Last year offered significant changes for the beverage alcohol industry over 2020 as restaurants and bars reopened, restrictions lifted, and consumers felt safer gathering with friends and family. Nevertheless, the pandemic continued to impact the beverage alcohol space in 2021, with many trends and behavioral shifts likely to persist long into the future. To help make the most of 2022, BevAlc Insights looks back at the year’s most significant category, consumer, and industry trends.

Liquor on Top

The liquor category had a breakout year in 2021, gaining three percentage points of total share on Drizly. Spirits accounted for a 44 percent share of all Drizly sales, while wine’s share declined one percentage point year-over-year to 38 percent and beer dipped two percentage points to 16 percent share. 

Data from market research firm IRI for the 52-week period ending Dec. 26, 2021 tells a similar story: liquor gained two percent in on-premise dollar sales as wine declined six percent and beer sales decreased 0.4 percent.  

Tequila was the year’s big winner within the liquor category, gaining three percentage points on Drizly to reach 18 percent of spirits share. IRI data confirm tequila’s gains, showing an 11 percent increase in retail dollar sales in 2021 over the previous year. 

Premium tequilas — particularly aged varieties — saw tremendous growth last year, notes Scott Moore, the senior vice president of national off-premise accounts at Southern Glazer’s Wine & Spirits. “We had fresh offerings and new consumers entering the category every day,” he says. 

Other agave-based spirits didn’t see the same level of success, however. Mezcal, which outplaced tequila’s growth on Drizly in 2020, remained flat year-over-year at one percent share of total liquor.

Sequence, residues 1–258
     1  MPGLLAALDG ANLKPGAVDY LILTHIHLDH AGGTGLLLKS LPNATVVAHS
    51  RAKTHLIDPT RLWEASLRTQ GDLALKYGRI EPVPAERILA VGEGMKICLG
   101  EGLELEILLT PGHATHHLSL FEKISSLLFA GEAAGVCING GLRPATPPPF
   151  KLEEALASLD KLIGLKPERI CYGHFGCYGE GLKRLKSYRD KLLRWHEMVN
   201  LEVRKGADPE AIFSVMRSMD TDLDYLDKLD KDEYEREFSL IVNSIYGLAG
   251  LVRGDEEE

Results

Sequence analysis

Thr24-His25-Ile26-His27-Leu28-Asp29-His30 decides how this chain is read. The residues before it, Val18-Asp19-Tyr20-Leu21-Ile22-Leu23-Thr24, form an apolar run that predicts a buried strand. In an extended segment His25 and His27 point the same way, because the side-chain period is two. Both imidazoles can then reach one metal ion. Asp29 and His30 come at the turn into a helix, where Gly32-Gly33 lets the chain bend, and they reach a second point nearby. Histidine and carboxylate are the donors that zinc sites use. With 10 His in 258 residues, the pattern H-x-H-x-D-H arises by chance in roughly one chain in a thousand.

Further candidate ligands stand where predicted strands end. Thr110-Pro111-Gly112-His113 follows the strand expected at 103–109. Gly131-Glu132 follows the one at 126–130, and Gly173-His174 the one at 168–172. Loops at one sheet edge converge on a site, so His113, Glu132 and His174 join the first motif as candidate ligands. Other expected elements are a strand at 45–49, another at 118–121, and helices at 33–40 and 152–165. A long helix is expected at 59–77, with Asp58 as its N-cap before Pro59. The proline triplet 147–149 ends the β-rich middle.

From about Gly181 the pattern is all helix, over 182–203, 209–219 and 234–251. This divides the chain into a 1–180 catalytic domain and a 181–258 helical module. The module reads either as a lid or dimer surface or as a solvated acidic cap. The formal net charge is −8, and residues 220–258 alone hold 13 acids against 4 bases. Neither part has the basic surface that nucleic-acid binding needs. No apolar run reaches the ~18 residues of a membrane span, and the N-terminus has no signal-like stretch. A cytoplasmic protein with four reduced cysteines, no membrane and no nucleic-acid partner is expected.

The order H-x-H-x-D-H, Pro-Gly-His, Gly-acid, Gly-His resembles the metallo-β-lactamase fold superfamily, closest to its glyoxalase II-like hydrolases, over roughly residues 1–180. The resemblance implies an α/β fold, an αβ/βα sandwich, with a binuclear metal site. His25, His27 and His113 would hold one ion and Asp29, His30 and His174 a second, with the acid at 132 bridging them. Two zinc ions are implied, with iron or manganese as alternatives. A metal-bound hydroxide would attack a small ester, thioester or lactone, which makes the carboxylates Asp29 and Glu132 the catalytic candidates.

Cheers for Champagne

In the wine category, Champagne and sparkling wine saw a significant spike in 2021, experiencing a wine category share increase on Drizly from 20 percent to 24 percent year-over-year. By year’s end, share for the Champagne and sparkling wine subcategory ranked third behind red and white still wines. 

Likewise, dollar sales for Champagne in IRI-tracked off-premise channels rose six percent in the 52-week period ending Dec. 26, while case sales grew just over two percent. 

“People were ready to celebrate in 2021, and short supply drove demand and pantry loading,” says Moore. “Champagne sales were through the roof.” 

Gains for Hard Seltzers and Lagers

Dollar sales for domestic beer declined five percent in 2021, according to IRI, while imports gained five percent. Despite recent discussion of hard seltzer demand leveling off, it experienced a 17 percent jump in dollar sales over 2020. 

Hard seltzer also remained the top beer subcategory on Drizly at 21 percent share, gaining two percentage points within the category. But lagers, including light and American-style varieties, saw growth across the board year-over-year as well. Within the IPA category, New England/hazy IPA continued to see gains, while standard and imperial/double IPA share remained flat.